When told they need to move to insulin injections, many people fear the pain associated with needles and often ask 'Do insulin injections hurt?'. Yet the reality is that when insulin therapy is started, most people, including healthcare professionals, are surprised to find how little pain there is when giving injections. In fact, insulin needles are commonly reported to hurt less than the fingertip lancing required for blood glucose checking.
This was supported in a study published in the Canadian Journal of Diabetes where pharmacists assessed the expected and actual pain in an educational training session. Participants rated the actual pain experienced from insulin injections as significantly lower than the pain experienced from that of a fingertip blood sugar (glucose) sample. The study also showed that the anticipated pain of the insulin injections was much greater than the reality.
Today’s needles are smaller
Needle technology has come a long way in recent years. Today’s needles are smaller and finer than ever before, making injections as painless as possible. FIT Forum for Injection Technique has identified that research no longer supports the use of needles longer than 8 mm for most people. Many are able to use needles as short as 4mm.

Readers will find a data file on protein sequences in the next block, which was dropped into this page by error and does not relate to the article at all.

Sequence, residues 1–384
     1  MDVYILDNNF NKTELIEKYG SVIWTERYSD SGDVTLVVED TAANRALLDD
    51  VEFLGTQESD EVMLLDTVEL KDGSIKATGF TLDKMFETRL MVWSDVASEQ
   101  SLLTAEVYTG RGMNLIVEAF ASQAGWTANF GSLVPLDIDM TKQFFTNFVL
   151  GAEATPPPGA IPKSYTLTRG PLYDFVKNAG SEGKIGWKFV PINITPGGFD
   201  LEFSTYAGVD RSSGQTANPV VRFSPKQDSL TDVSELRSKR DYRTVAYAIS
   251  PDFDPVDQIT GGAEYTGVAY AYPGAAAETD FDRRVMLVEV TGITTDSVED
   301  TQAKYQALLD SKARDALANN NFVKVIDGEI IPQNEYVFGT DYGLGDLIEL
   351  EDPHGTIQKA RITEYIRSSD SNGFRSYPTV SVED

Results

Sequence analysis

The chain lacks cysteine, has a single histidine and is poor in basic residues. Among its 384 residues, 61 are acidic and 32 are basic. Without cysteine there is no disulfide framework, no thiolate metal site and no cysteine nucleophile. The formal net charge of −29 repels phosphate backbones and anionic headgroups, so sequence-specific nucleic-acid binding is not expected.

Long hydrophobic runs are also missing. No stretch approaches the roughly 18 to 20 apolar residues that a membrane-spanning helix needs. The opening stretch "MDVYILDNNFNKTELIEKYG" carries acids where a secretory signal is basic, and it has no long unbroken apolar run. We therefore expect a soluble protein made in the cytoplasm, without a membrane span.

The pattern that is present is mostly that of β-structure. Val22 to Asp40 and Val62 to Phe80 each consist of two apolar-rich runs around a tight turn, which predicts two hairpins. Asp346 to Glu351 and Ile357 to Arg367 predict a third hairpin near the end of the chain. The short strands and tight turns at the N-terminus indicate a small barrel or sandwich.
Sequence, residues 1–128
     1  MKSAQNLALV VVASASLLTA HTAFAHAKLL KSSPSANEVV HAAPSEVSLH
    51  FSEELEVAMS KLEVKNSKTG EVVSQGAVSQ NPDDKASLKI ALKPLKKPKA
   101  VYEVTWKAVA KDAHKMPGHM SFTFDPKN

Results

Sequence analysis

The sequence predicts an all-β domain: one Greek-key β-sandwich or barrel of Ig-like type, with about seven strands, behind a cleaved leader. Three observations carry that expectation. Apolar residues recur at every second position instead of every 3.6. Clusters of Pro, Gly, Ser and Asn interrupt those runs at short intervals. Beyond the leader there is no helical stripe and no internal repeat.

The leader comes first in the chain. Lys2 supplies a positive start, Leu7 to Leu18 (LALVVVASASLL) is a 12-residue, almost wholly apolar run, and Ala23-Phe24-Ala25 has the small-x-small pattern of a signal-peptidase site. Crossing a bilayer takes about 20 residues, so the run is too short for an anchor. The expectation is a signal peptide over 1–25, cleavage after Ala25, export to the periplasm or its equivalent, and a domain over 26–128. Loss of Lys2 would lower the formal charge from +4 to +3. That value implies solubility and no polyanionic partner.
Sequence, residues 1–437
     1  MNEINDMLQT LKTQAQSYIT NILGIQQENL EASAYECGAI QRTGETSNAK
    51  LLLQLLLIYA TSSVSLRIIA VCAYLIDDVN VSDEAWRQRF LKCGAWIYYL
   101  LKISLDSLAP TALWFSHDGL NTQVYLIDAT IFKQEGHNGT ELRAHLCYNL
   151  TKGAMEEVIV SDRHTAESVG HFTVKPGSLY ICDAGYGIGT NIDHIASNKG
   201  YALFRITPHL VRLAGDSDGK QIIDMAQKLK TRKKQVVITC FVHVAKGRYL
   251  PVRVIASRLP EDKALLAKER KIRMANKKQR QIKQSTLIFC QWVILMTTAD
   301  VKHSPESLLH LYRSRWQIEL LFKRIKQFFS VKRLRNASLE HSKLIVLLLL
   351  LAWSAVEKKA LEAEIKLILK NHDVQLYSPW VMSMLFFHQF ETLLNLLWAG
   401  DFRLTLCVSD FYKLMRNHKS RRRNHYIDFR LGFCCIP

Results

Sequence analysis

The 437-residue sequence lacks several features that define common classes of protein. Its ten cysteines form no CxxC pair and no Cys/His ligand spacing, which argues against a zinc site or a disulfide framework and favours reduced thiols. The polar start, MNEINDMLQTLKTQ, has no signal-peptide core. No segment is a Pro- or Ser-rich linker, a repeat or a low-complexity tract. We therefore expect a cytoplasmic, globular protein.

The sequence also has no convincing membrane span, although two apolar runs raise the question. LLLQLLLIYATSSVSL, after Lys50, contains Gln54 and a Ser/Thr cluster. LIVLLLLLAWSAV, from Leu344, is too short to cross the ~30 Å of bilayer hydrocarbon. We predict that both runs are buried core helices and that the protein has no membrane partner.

Tips for more comfortable injections
FIT’s guidelines include the following:
- Before each injection, the site should be inspected and gently massaged. Hair roots, moles, scars or infected areas should be avoided.
- Rotate sites as advised by the diabetes healthcare team.
- A new needle should be used each time.
- Use room temperature insulin.
You should follow the specific recommendations given by your healthcare professional. For example, injections in different parts of the body can affect blood glucose levels.
Different types of insulin therapy
People with diabetes have a choice of options for administering insulin:
- Insulin syringes – combined with smaller and finer needles
- Insulin pens – these combine a fine needle and insulin cartridge in one unit making it easier to use than a syringe and are the most common method of administration in Canada
- Insulin pumps – these don’t use needles and deliver insulin continuously into the skin, day and night
Talk to your diabetes healthcare team together about the type and pattern of injections that will work best for you. Also discuss how you can identify good injection technique and how to examine the injection site for any problems that may affect the action of the insulin.